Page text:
Clarification: While Digiday reported The New York Times’ most recent Instagram accounts were made “over the past few weeks,” you may notice posts dating back to longer than three weeks ago. This is because, as The New York Times has confirmed, the accounts was made private before being unveiled.

Video infographics become a hit on social media, other online journalism

It is not uncommon to find an infographic with an online article. Publishers are well aware of an infographic’s ability to report complex news in a more engaging and simple way.

That trend has evolved into the use of video infographics, which have been well-received.

The Pew Research Center has posted some video infographics to its YouTube. Over the past year, most of them have been viewed more than twenty-five thousand times. That far surpasses the number of views for *their* other videos that have seldom reached five thousand.

The popularity of them has become strong enough to spawn VideoInfographics.com, where you can find sort of a gallery of them covering an array of topics.

Getting them made
On VideoInfographics.com, each video, whether it’s a YouTube or Vimeo one, has a link to contact info of the video’s apparent creator. And for those who want to look elsewhere, graphic design company Thought Café has garnered attention for their work for non-profits.

Trying them on Instagram
Most video infographics run at least a minute, as it takes at least that long to convey most issues. But considering the response to ones on Pew’s YouTube channel, uploading to Instagram 15-second infographic videos seems worth a try if they cover their topic sufficiently. In fact, one of Pew’s video infographics explained in 30 seconds remarriage in the U.S.

How GQ, popular on Instagram, has fared with its article-promoting posts

Instagram is not exactly newsroom-friendly, and it’s because of one reason. Publications cannot include a link, perhaps to an article, in their post. That would make one think Instagram’s limited ability to drive traffic to a website would, in turn, alienate publications.

But that is not the case.

Magazines have not just flocked to Instagram, but achieved success doing so, reports Digiday.

GQ, having garnered 1.2 million followers, told Digiday one way they harness the app is by promoting upcoming issues.

With the captions below the corresponding posts, here is a look at their work and the response to it. For context, it should be noted that most of GQ’s recent posts get about 10 to 20 thousand likes.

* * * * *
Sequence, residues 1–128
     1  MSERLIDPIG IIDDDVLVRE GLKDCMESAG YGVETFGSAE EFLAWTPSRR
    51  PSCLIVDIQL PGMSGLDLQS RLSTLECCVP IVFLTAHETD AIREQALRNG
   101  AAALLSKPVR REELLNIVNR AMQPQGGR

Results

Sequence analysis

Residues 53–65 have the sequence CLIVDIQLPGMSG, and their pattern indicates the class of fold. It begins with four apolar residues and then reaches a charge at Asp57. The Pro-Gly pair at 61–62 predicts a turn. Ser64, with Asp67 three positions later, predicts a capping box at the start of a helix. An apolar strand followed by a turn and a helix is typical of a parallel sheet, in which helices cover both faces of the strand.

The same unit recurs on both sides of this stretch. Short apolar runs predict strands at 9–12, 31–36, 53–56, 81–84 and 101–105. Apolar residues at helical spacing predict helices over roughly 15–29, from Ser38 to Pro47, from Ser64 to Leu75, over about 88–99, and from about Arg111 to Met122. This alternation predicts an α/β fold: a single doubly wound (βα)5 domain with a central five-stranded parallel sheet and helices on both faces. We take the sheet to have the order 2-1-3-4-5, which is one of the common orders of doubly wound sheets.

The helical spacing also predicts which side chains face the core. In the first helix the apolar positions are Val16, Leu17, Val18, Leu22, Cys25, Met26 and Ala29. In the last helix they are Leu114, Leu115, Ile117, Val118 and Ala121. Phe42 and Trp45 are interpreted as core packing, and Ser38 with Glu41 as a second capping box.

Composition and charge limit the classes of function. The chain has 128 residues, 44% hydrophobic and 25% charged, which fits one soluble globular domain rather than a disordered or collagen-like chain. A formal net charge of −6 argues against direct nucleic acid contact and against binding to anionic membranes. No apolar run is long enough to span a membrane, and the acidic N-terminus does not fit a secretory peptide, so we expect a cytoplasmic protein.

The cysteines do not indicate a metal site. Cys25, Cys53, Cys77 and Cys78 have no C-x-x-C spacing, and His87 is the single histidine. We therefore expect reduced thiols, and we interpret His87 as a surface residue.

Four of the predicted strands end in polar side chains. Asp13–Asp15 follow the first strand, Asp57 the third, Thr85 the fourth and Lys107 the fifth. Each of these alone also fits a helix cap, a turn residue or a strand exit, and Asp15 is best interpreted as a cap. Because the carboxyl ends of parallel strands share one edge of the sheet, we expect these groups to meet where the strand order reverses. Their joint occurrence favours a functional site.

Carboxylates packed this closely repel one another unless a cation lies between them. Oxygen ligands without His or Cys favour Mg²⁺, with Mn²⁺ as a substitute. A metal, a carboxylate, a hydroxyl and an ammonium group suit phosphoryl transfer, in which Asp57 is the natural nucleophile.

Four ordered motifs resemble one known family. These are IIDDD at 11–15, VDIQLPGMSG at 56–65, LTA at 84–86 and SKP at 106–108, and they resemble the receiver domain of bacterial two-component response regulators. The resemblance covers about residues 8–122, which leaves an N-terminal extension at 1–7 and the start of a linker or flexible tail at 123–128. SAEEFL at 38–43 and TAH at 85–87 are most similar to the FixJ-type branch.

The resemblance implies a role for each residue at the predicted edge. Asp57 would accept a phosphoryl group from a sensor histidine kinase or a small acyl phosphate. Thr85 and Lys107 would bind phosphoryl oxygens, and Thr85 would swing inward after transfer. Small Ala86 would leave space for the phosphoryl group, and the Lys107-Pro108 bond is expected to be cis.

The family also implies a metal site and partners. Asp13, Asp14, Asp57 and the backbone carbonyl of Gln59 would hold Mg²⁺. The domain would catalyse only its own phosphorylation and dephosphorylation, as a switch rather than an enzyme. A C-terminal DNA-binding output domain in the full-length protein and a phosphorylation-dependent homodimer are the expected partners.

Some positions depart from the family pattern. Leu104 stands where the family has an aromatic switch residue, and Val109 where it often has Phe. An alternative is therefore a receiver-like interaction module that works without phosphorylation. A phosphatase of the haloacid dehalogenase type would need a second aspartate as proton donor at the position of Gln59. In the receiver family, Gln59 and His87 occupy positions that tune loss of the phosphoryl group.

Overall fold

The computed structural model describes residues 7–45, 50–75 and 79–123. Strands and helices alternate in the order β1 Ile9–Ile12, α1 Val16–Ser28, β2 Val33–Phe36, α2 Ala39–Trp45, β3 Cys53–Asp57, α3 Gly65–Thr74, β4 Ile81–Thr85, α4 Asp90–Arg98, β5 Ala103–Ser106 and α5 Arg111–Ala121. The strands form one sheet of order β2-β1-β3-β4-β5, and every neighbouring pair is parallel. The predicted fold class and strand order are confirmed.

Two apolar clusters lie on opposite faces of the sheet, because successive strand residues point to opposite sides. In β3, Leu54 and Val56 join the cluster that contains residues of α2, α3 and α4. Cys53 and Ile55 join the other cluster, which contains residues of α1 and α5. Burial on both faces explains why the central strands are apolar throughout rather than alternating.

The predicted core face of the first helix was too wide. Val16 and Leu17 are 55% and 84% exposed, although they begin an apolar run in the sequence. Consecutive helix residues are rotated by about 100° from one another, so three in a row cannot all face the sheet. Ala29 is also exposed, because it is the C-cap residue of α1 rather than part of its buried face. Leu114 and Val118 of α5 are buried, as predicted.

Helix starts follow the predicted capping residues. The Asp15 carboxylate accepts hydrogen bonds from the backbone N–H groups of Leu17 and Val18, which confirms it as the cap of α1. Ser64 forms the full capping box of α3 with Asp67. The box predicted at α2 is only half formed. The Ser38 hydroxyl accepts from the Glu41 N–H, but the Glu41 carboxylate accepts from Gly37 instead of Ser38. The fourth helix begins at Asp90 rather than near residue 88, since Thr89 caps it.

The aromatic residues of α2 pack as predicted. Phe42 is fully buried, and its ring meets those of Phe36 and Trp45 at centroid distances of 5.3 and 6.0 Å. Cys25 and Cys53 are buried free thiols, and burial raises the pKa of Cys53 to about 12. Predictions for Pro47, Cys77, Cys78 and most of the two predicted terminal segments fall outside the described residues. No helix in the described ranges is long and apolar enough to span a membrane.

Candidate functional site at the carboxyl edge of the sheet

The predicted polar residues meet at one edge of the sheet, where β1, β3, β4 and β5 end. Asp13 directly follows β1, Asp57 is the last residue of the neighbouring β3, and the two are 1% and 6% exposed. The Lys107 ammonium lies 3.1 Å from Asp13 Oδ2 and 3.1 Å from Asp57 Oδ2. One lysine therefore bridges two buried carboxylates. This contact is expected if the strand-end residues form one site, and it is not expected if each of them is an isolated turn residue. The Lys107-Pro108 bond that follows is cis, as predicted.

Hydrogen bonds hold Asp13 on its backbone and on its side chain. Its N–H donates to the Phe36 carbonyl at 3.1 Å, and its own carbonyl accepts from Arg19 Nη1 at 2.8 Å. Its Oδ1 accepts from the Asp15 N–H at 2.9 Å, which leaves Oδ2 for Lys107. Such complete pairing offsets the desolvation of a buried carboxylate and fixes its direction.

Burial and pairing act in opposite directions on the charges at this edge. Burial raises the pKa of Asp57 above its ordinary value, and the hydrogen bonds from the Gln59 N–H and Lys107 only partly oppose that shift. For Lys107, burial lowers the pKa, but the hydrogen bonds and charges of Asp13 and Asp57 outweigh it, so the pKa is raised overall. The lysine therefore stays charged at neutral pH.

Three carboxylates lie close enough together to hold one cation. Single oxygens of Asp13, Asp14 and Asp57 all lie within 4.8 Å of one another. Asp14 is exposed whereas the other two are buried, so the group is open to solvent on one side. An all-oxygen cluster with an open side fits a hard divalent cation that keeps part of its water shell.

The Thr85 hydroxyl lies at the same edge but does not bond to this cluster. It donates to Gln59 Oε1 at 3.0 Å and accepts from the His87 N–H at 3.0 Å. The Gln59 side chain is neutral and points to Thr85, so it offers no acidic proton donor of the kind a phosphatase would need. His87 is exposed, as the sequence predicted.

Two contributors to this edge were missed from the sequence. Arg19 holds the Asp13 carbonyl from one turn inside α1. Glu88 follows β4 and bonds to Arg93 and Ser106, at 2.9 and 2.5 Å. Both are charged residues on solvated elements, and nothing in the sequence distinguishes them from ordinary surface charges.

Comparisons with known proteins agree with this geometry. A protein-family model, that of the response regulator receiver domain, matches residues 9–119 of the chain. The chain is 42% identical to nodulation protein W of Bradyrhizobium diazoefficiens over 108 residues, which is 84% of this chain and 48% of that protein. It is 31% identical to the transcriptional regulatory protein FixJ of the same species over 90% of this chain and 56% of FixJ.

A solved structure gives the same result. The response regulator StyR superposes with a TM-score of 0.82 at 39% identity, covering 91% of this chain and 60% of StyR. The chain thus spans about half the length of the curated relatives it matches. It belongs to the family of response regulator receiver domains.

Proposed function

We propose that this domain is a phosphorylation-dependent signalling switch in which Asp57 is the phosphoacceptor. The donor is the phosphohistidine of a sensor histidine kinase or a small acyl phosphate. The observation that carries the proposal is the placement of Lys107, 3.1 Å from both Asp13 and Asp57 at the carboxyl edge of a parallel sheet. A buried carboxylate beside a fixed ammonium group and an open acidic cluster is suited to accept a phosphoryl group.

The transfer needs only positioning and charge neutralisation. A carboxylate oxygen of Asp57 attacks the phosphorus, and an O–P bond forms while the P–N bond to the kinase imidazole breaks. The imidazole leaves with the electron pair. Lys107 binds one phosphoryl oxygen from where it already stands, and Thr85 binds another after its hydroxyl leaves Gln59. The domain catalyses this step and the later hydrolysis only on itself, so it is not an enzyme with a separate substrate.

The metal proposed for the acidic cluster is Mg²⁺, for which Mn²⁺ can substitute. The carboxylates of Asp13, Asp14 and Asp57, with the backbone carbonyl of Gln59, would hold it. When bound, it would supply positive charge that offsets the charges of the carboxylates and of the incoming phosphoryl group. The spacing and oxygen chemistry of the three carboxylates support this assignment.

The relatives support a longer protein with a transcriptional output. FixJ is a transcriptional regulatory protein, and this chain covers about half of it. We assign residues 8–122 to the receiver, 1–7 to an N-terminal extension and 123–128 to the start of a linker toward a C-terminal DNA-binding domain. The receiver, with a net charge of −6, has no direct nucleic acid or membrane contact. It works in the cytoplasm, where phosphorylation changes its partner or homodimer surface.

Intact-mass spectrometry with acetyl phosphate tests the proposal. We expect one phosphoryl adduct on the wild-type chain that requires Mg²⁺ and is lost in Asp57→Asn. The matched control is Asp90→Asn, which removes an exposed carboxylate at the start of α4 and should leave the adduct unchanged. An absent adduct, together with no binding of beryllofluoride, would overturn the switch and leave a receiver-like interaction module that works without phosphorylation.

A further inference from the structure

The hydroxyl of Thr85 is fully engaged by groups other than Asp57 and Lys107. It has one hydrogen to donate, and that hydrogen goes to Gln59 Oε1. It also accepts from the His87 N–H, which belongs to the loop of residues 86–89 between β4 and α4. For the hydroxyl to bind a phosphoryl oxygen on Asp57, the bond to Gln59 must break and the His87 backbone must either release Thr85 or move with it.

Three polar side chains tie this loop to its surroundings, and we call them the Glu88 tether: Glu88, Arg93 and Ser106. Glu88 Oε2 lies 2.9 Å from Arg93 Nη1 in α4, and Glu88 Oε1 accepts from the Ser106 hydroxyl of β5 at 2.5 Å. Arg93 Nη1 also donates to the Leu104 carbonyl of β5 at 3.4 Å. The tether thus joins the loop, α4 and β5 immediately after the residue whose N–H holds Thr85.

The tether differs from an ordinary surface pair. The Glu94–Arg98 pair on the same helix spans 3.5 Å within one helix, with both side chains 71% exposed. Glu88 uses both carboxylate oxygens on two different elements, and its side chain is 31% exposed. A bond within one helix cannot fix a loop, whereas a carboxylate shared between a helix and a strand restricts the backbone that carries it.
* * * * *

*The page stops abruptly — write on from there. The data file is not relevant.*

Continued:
Monday it shared via video covers for its “Men of the Year” issue.

“Presenting our 2014 Men of the Year covers with @anselelgort, @shai_woodley, @mikeysam52, @prattprattpratt, Dave Chappelle, and Steve Carell. #GQMOTY”

Some posts have shared details about content already on their site, but those get less likes than most others.

Here, the magazine posted that its latest issue, the “Project Upgrade: Michael Kors Edition,” can be viewed online.

“We asked @michaelkors to give 5 average guys a sartorial lift. See the whole Project Upgrade: Michael Kors Edition now on GQ.com. (link in profile, photo by Sebastian Kim)”

GQ posts also images about Q and A’s on its site…

“Instajack: Read our Q&A with model, muse and badass @damarislewis now on GQ.com. Oh, and you’ll want to follow her on Instagram, too.”

“Instajack: read our Q&A with @haileyc123 now on GQ.com. And oh yeah, follow her on Instagram for more of this ⬆️.”

“Instajack: read our Q&A with @goodmans fashion director @brucepask on GQ.com and follow him on IG for some behind-the-scenes at the BG men’s store.”

But when GQ posted a cover, graced by Kanye West, the post racked up far more likes.

The Kanye West August GQ cover, shot by Patrick Demarchelier, is here.

A post shared by GQ (@gq) on

“The Kanye West August GQ cover, shot by Patrick Demarchelier, is here.”

In terms of likes, results from these posts advertising their editorial content vary seemingly based on the popularity of the person featured. Yet the approach, similar to one used on Vine, can be harnessed by publications big and small.